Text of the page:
Cloud Computing is different. What is Cloud Computing? It’s where your processing and data is in The Cloud. What the crap is The Cloud? As a network professional I feel I’m qualified to answer this question simply, succinctly, and thoroughly. The Cloud is a symbol a network diagram. It represents The Internet. It looks like a cloud. It looks this way because the Internet is nebulous.
That’s all it is. If you’re using Cloud Computing your computing is happening out there, in that part of the diagram: the one representing The Internet. There’s one key thing that separates Cloud Computing from traditional Internet hosting and services. With traditional Internet hosting and services your pictures are on flickr or photobucket, your email is with yahoo or hotmail or gmail, and your shopping is through ebay or amazon. With those services your have more or less fixed resources and your stuff lives on some servers somewhere.
With Cloud Computing, where’s your stuff? Do you know? I hear people say, “Oh, my pictures exist in the cloud.” Well, where are they? They’re in the cloud. It seems to me that people think that in the cloud means their resources are everywhere and will be accessible from anywhere. When your stuff is in the cloud it apparently means it can never be inaccessible, or lost, or stolen.
The reality is that in the cloud means that you don’t know where your resources are. That’s not to say that you should, either. If your grandpa uses picassa for his pictures he doesn’t need to know where the files live or it’s preserved (although it’s to his benefit to be able to know how his data might be lost). Google probably doesn’t want your grandpa to know how the backend of picassa works because that might represent a security risk.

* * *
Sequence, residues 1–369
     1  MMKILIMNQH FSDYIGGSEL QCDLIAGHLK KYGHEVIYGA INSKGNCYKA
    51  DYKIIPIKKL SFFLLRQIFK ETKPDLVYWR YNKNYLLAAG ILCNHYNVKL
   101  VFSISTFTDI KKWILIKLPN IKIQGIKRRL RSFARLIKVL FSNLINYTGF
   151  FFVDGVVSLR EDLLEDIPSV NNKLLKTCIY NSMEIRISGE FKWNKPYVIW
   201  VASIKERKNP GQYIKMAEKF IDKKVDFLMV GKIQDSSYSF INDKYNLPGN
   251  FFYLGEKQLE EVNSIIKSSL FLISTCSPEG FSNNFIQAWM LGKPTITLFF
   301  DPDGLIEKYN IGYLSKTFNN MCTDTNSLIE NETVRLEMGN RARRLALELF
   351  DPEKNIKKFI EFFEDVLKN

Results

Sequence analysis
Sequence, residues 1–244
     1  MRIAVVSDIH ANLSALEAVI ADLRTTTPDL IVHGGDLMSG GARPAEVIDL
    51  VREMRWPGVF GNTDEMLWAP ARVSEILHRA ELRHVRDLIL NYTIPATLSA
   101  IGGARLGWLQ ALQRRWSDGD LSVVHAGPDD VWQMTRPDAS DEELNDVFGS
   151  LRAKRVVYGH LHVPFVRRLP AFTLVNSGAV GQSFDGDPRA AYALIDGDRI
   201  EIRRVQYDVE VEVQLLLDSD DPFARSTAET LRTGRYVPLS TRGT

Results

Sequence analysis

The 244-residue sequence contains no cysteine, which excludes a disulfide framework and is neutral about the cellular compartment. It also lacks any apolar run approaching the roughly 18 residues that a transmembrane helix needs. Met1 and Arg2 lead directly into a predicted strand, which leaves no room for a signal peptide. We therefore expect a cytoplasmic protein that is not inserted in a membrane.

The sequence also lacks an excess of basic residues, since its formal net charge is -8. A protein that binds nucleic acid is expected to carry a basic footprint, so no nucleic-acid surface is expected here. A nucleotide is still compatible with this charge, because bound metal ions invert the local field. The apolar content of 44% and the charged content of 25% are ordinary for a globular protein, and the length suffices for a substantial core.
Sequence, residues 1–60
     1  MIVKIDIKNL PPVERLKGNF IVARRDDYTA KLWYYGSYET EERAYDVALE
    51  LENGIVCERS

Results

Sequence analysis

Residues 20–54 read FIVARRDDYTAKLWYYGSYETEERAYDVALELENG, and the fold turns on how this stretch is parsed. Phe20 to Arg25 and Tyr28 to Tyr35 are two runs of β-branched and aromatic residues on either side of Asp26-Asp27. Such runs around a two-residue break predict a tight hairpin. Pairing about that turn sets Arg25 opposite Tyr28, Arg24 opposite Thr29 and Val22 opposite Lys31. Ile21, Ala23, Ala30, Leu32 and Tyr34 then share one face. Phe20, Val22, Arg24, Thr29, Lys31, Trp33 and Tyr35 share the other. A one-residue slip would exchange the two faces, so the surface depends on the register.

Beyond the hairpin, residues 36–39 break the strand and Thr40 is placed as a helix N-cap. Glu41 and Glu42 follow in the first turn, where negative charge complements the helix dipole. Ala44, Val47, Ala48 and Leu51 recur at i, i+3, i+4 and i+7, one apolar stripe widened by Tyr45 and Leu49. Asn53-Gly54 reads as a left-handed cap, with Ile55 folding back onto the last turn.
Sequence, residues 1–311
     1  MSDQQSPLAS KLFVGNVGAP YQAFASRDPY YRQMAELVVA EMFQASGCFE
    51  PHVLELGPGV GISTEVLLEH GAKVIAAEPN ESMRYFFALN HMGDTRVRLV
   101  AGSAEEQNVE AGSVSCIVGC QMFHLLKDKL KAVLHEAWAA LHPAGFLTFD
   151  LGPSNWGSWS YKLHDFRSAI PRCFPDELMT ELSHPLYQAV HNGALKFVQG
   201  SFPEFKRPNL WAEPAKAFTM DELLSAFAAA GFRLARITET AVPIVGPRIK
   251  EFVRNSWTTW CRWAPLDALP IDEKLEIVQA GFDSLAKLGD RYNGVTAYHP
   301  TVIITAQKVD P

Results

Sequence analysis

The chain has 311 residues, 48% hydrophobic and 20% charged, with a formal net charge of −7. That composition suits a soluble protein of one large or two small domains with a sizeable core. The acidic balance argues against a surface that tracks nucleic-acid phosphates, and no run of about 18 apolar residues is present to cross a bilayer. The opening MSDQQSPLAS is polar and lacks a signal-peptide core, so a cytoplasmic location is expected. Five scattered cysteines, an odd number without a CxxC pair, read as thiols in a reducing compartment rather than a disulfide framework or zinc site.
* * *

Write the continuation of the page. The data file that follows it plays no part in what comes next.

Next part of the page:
I’ll selectively borrow from Wikipedia what doesn’t challenge my rant:
In concept, it is a paradigm shift whereby details are abstracted from the users who no longer need knowledge of, expertise in, or control over the technology infrastructure “in the cloud” that supports them.
What does that mean? It means when your data is in the cloud it somewhere on the Internet and you neither know nor care where. That’s not to say it’s somehow more accessible, more available, or more secure. It just means users don’t know. And not knowing is fine but before Cloud Computing your grandpa didn’t know where his pictures were and he knows no more or no less now that Cloud Computing is here.
I guess saying Cloud Computing sounds cooler and smarter than, “On the Internet, somewhere.” What it sounds like to me is that you don’t know but either are afraid to say you don’t know or don’t realize you don’t know. I think this Cloud is really a fart - it smells terrible and will hopefully disperse soon.
Needed to get my car serviced but still go to work. Didn’t want to ask anyone to drive me there and back. Luckily the auto shop is only 5.5 miles from work so I threw my bike in the back of my car, drove to the shop, then rode to work.
All told, 11 miles today with some hills on the way back. I tried to just push harder instead of downshifting and was successful some of the time. I’m please overall.
Also, if you’re in the San Diego area, Mira Mesa Automotive, owned by Jim Boucher (Boo-shay) does good work and they don’t mess around with you.